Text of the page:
William Shakespeare's Twelfth Night, which premiered in 1602, is one of the Bard's most acclaimed comedies. A fast-moving plot that centers around shipwrecked-and-separated identical twins Sebastian and Viola keeps the misunderstandings, missed opportunities, and witty dialogue coming fast and furious — and the play is also one of the great gender-switching comedies. Viola spends much of the play disguised as Cesario, who works in the service of Duke Orsino. Orsino is in love with Countess Olivia and sends "Cesario" to convey romantic messages. But Olivia falls in love with Cesario, who's actually in love with Orsino, and the misdirection and hijinks ramp up considerably even before identical twin Sebastian shows up to throw things into further disarray.
So there's a lot going on, and a lot of characters to juggle but this light-footed play (originally written for the Christmas season) does it all with aplomb. And yet, in a world full of constant performances of Hamlet, Romeo and Juliet, A Midsummer Night's Dream, and Othello, it doesn't seem like Twelfth Night is revived all that often.
And that it hasn't been revived that much is confusing to Allison Brower, who's directing a new production of Twelfth Night for the Flowertown Underground theater company.
"People study Romeo and Juliet and Hamlet in school, so they always tend to know the tragedies," she says. "But other than A Midsummer Night's Dream, the comedies don't seem to get enough love. I don't think anyone's going to walk away from it offended, but it was so different for its time, maybe it was easier to fall in love with something like Midsummer."
"Different" in this case refers to the reversal of gender roles in the play, not just in the literal sense as when Viola becomes Cesario, but in more metaphorical terms, as well, which is something that drew Brower to putting Twelfth Night on this year's schedule.
"Whenever I pick a play I try to relate it to what's going on now, and it seemed to be a good fit for the world right now," she says. "Whether we thought it was something Shakespeare was trying to comment on at the time or not, a lot of the women in the play do a lot of the stereotypical 'men' jobs, and vice versa. It was ahead of its time, dealing with gender issues, which I thought was a relevant topic to 2018."
Brower just got her masters degree in theatrical directing from Roosevelt University in Chicago, and she spent a lot of time studying Shakespeare in general — and Twelfth Night specifically. So, when Flowertown Underground (Brower both acts and directs for the troupe) was looking to perform a Shakespeare play, she was excited about the opportunity.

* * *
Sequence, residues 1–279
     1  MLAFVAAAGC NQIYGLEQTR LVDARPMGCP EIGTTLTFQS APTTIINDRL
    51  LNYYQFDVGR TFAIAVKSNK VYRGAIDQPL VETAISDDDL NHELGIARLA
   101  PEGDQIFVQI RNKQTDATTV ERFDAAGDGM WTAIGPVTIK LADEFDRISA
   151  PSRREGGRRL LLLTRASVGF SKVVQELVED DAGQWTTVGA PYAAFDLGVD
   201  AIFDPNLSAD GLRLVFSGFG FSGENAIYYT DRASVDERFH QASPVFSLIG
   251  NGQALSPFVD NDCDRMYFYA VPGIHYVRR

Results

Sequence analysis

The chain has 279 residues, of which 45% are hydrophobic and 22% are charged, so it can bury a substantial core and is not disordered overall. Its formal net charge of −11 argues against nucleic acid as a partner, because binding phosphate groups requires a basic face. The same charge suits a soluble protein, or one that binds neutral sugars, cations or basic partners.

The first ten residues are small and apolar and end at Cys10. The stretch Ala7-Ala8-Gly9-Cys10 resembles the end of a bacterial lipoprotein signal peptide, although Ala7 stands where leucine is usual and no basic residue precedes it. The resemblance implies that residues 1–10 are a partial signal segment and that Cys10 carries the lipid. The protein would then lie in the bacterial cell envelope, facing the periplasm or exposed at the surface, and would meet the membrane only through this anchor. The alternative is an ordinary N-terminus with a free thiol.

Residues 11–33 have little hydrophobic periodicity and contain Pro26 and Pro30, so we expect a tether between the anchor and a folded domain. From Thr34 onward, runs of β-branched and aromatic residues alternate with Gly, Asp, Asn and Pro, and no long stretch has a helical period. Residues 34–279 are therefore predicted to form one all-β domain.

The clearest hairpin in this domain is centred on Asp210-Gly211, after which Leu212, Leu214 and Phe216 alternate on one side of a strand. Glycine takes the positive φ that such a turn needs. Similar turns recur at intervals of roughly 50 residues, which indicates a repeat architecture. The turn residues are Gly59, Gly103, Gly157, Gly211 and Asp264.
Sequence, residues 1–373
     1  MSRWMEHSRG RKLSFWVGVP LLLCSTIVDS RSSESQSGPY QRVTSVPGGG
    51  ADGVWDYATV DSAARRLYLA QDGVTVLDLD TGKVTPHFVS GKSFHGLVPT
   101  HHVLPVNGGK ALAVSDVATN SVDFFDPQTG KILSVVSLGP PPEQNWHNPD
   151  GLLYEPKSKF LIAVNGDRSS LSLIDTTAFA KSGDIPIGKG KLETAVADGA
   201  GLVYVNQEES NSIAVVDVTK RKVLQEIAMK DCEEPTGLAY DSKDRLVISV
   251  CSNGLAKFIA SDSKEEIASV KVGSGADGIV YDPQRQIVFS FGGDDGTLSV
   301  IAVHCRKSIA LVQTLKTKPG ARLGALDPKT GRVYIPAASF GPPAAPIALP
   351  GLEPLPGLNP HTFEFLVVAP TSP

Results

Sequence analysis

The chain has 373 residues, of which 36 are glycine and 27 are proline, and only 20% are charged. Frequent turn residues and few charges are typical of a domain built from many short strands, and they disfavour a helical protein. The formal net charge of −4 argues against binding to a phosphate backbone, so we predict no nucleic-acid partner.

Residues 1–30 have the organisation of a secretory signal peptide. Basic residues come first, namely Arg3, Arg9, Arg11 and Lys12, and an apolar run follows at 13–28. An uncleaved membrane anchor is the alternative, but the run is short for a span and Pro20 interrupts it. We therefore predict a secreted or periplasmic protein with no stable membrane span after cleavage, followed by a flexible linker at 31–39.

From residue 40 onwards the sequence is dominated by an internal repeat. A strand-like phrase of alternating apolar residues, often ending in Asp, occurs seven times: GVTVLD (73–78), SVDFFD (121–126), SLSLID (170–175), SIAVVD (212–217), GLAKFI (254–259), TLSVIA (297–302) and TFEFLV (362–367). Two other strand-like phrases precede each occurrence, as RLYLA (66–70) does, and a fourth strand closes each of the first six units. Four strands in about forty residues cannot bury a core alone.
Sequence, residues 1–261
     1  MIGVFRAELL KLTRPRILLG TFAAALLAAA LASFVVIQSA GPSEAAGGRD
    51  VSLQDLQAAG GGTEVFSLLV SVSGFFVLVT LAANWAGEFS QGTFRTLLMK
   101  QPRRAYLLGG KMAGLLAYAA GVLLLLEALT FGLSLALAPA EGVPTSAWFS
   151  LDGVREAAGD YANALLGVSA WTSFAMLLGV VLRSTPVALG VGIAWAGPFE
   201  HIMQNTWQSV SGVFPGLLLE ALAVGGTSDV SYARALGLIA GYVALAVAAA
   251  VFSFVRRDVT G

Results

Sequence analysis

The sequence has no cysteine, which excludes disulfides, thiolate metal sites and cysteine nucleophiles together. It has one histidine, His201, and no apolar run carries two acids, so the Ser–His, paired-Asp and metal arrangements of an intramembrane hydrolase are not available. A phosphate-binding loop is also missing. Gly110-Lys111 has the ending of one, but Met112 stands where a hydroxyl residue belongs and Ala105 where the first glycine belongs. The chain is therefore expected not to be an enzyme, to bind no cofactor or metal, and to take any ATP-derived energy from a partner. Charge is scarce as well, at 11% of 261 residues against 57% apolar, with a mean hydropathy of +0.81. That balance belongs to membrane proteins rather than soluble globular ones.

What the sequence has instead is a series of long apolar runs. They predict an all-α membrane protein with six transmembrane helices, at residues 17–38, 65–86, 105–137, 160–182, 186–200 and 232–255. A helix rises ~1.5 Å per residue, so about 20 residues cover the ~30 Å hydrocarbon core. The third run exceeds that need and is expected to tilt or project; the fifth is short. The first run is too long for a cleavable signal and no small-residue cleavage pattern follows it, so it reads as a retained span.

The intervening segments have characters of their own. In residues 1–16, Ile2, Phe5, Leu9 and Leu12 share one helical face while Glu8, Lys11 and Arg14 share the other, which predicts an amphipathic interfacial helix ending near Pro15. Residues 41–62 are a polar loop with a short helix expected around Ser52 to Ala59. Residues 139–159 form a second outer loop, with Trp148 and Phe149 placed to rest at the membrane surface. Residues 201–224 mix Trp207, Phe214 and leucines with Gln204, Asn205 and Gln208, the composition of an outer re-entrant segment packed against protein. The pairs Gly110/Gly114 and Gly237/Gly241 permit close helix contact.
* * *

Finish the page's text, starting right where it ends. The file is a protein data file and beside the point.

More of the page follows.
"I felt like I had a good understanding of it," she says. "It was fun for me as a performer and director."
One of the best things about modern stagings of Shakespeare's work is that they can still be delivered in just about any setting, whether it's a post-apocalyptic futurescape or a cutthroat corporate boardroom. In this case, since Twelfth Night begins with a shipwreck on a mysterious island, Brower figured that pirates and British-style naval officers were in order.
"When I was growing up one of my favorite movies was Pirates Of The Caribbean," she says, "so we're actually playing around with some characters being pirates, while Orsino is more like Commodore Orrington. It's set somewhere around 1720-50."
There's plenty of chaos surrounding the Viola/Cesario character, so Brower knew she needed a strong actress to play not just a dual role, but the central figure in the play. Dorothy Smith (who also appeared in Underground's production of Midsummer) fit the bill perfectly.
"When I was auditioning, I asked that the actors prepare a comedic Shakespeare monologue," Brower says, "because I was looking for someone who understood the language and was willing to have fun with it and play around with whatever piece they were performing. Then I might give them little bits of direction with scenes from Twelfth Night and tell them to play with this idea or this feeling. I was really looking for someone who could have fun with it, and Dorothy was absolutely brilliant and hilarious, with a clear understanding of how she wanted Viola to come across, from the audition onward. It's a heavy load to carry, but she's doing a fabulous job."
After casting Smith, Brower had other hurdles to clear: This will be her first-ever directing stint, at least with grownups.
"I teach theater at a high school, so I direct at least two or three shows every year, but this is actually the first time I've gotten to direct adults," she says with a laugh. "It's been a learning experience for me. But there's a saying that 70 percent of a director's work is casting the show, and if a director does that right, their work is done. I definitely found that to be true."
The main goal once Brower had the cast (which also includes Underground veterans Alan Garner, Daniel Rich, and Charissa Ward) set was to work on the language of the Bard, which has rhythms all its own.
"We had people coming from different backgrounds in terms of Shakespeare," she says. "Some of them were very experienced, and some of them had never auditioned for a Shakespeare play before. So, I think that the biggest challenge was getting them on the same page, so we could move forward with the blocking and the rehearsal and the memorizing. We had a lot of discussion at those first couple of rehearsals and broke it down the simplest way, so we could all carry each other forward. It's been a true community theater performance in that everyone's working together."